When a lesion suppurates, discharges pus, it is called suppuration; and suppuration, if untreated or unchecked, may lead to a state of putrefaction (PYOO-truh-FAK-shin). The verb to putrefy (PYOO-truh-fy) means to rot or decay; the adjective putrid (PYOO-trid) means rotten, foul-smelling, fetid; and the noun putrefaction means rotting, decomposition, foul-smelling decay.

Okay, you can stop holding your nose now because this suppurating, putrid lesson is over and we’re moving on to…

  • Word 25: Martinet [MAHR-ti-NET]

A strict disciplinarian, taskmaster, rigid enforcer of rules and regulations.


Martinet comes from General Jean Martinet, a seventeenthcentury French drillmaster who became legendary for subjecting his troops to harsh discipline and for his rigid adherence to military rules and regulations. In modern usage, martinet may refer to a strict military disciplinarian, or more generally to any rigid, authoritarian enforcer of rules and regulations.

  • Word 26: Compunction [kum-PUHNGK-shin]

A twinge of regret caused by an uneasy conscience; a pang of guilt for a wrong done or for pain that one has caused another.


Synonyms of compunction include remorse, misgiving, scruple, and qualm (KWAHM, the l is silent). A stronger synonym is contrition, word 9 of Level 5, which means repentance, deep and devastating sorrow for one’s sins or for something one has done wrong.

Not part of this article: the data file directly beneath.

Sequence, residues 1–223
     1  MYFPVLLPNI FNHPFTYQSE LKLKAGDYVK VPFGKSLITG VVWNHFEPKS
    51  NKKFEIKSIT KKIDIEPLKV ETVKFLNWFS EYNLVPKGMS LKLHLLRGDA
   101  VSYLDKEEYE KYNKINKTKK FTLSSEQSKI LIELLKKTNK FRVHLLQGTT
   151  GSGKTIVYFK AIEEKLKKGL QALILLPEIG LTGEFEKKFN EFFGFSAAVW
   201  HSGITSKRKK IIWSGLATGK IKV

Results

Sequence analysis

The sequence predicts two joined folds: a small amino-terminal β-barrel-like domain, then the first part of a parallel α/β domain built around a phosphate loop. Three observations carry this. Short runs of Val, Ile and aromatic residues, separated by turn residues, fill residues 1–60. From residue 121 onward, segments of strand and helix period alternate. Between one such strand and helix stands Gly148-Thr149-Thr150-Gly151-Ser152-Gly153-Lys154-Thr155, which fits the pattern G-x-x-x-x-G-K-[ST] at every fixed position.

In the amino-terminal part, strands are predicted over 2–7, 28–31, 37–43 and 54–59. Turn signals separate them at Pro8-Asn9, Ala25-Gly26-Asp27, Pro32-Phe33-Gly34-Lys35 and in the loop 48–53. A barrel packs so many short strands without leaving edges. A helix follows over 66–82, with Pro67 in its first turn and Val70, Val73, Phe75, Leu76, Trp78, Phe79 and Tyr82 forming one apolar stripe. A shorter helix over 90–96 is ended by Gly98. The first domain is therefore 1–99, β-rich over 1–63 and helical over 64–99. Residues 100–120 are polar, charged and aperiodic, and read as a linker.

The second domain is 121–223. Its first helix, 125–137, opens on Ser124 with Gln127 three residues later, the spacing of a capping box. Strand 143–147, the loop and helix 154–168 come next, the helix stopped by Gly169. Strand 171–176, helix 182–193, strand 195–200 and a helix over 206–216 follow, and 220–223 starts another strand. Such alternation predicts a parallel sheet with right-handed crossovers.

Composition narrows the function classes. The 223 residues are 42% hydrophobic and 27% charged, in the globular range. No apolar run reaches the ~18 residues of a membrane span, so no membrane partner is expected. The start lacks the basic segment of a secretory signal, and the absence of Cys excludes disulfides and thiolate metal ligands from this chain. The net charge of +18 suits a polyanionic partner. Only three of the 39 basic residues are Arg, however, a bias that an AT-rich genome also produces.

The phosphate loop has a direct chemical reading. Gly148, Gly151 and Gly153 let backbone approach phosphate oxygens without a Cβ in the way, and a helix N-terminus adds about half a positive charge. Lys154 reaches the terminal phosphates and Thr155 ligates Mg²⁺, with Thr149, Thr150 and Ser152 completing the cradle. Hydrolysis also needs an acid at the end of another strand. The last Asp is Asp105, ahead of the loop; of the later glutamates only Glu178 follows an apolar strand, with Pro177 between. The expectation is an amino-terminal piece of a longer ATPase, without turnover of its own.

Compunction comes through the Late Latin compunctio, a pricking of conscience, ultimately from the Latin verb pungere, to prick, sting, pierce, or stab. The Latin pungere is also the source of the English words puncture, meaning to prick, pierce, or stab; pungent, which means piercing or stinging to the smell or taste, as a pungent aroma; and poignant (POYN-yint), which means piercing or penetrating to the senses, the emotions, or the intellect.

When you feel the prick or sting of conscience or a twinge of regret for something you have done wrong, or when you feel a pang of guilt for causing pain to another person, that is a compunction: “After a year, Ned still had compunctions about ending his relationship with Suzy.” If your conscience is clear and you have no regrets, you lack compunction: “Vanessa grew sick and tired of working for a martinet, and when she finally decided the time was right to quit her job, she did so without compunction.”

  • Word 27: Mercurial [mur-KYUUR-ee-ul]

Quick to change moods or change one’s mind, having an unpredictable temperament.


Synonyms of mercurial include flighty, impulsive, fickle, capricious (which properly rhymes with delicious; it’s word 11 of Level 1), volatile (word 47 of Level 4), erratic, and protean (PROH-tee-in).

Antonyms include stable, fixed, steadfast, invariable, and immutable.

Does anything about the word mercurial sound familiar? Can you guess its derivation? If you’re thinking that mercurial is related to the word mercury, then you are a sagacious person, both in the current sense of wise, shrewd, perceptive, and in the obsolete sense of quick in picking up a scent—in this case, an etymological scent.

The ancient Roman god Mercury, known to the Greeks as Hermes (HUR-meez), was the messenger or courier of the gods, but he had many other responsibilities as well. He was the deity (DEE-i-tee) who conducted the souls of the dead to the underworld, and also the god of commerce, travel, eloquence, and thievery. (Those ancient Greeks and Romans covered all the bases, didn’t they?)

Mercury is usually depicted wearing a winged helmet and winged sandals to show his fleet-footedness, and as Hermes he also carried a winged staff with two serpents coiled around it. That staff, which now serves as the symbol of the medical profession, is called a caduceus (kuh-D(Y)OO-see-us).